Permuted Harmony (HP1)

Our four Permuted Harmony cards are an excellent didactic resource for working on compositions, musical form, arrangements and harmony. Intuitive, with a simple design, relatively large (20 × 10 cm) and economical. The four cards complement each other and can be used to compose short musical pieces.

Edition: Harmony-Games
Printing: Digital
Copyright: Oriol Ferré, 2013©


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The cards

Based on the movement of vocal ensembles, the Permuted Harmony cards allow you to create short arrangements with a bass line. Four cards – with four notes each – are played simultaneously and can generate different chord sequences. Thus, each card leads you to play one of the notes of the chord.

Functions of the cards:

• Cards 1, 2 and 3 are the ones that show the harmony and complement each other to form the different chords. Each card has notes of different colors and a maximum of three different notes.
• Card number 4 corresponds to the bass. All its notes are red and correspond to the root of the chord in question.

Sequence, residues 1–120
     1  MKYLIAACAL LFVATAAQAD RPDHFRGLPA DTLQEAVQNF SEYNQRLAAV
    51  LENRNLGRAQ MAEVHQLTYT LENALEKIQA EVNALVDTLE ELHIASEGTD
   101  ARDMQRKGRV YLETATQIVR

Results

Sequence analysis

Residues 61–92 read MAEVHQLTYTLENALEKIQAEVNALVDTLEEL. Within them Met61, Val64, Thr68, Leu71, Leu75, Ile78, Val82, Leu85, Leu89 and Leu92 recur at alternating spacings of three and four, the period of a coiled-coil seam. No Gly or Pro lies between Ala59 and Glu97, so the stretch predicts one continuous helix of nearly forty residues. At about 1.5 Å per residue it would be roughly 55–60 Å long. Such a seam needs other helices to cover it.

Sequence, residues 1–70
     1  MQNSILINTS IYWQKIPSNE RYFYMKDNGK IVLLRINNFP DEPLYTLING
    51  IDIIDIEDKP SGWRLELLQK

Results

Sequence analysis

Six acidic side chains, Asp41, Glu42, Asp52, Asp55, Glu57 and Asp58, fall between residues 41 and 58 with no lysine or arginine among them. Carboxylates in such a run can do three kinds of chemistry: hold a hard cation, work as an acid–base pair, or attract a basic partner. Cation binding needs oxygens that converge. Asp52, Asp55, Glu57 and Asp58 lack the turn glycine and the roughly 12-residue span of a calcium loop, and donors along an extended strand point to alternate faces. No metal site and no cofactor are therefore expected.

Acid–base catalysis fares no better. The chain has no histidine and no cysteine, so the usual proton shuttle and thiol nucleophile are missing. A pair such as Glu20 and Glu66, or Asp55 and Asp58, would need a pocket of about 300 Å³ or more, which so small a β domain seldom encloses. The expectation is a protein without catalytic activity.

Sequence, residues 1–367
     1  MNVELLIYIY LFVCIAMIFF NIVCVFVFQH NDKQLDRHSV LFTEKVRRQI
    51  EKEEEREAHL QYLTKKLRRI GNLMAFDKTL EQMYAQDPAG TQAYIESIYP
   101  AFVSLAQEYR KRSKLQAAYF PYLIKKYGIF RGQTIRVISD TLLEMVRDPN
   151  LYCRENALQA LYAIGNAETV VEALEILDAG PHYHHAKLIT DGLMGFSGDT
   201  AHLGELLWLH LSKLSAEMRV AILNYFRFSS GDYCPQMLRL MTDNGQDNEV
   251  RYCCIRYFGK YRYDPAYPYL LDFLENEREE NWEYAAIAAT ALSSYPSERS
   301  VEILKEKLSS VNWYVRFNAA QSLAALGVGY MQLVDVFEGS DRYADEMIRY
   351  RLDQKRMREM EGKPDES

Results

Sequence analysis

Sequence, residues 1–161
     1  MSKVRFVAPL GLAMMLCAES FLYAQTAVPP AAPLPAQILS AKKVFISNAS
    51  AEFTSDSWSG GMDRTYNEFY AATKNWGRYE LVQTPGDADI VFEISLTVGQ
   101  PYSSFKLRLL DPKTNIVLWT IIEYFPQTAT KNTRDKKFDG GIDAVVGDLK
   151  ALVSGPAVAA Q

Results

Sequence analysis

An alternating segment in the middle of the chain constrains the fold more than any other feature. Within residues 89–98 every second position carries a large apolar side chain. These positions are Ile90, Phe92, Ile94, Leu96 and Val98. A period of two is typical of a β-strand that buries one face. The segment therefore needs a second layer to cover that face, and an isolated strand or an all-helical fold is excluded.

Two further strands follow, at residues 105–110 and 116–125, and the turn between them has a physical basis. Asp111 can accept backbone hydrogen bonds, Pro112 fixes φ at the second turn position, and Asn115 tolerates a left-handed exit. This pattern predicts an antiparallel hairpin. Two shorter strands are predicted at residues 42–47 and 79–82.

Colors of the notes:

• Red. The root, first degree of the chord.
• Green. The third of each chord
• Yellow. The fifth of each chord.

How to use Permuted Harmony Cards?

You can begin to play the cards from any side taking the direction that you want. Therefore, it is possible to choose several paths: U, C, Z, N. There are a total of twelve possible sequences. Depending on which one is chosen, you will create one harmony or another.

Also, at the bottom of each card all the possibilities and four-chord harmonic cadences are indicated. As the chords correspond to the tonic, dominant and subdominant string of a tonality in C major, their order is not important: the result will always sound good!


The teacher assigns cards to four different groups. Next, an order is established, for example, a Z-chord. The group that has the bass card will have to play the chord “do-sol-do-fa”. The other groups will have to play the corresponding chord that accompanies it.

More possibilities:

• Perform the activity with instruments. For example, a group of cellos, two groups of violins and a group of violas.
• Set different rhythms for each card.
• Create short compositions. For example, agree to previously follow the order ZUZ. In this way, the group that has the bass card will have to play “do-fa-sol-do, do-sol-do-fa, do-fa-sol-do”.

Permuted Harmony cards have many possibilities and make the teacher’s work easier when preparing a music lesson. Now that you know, all you need to do is take the baton and begin to play your short compositions.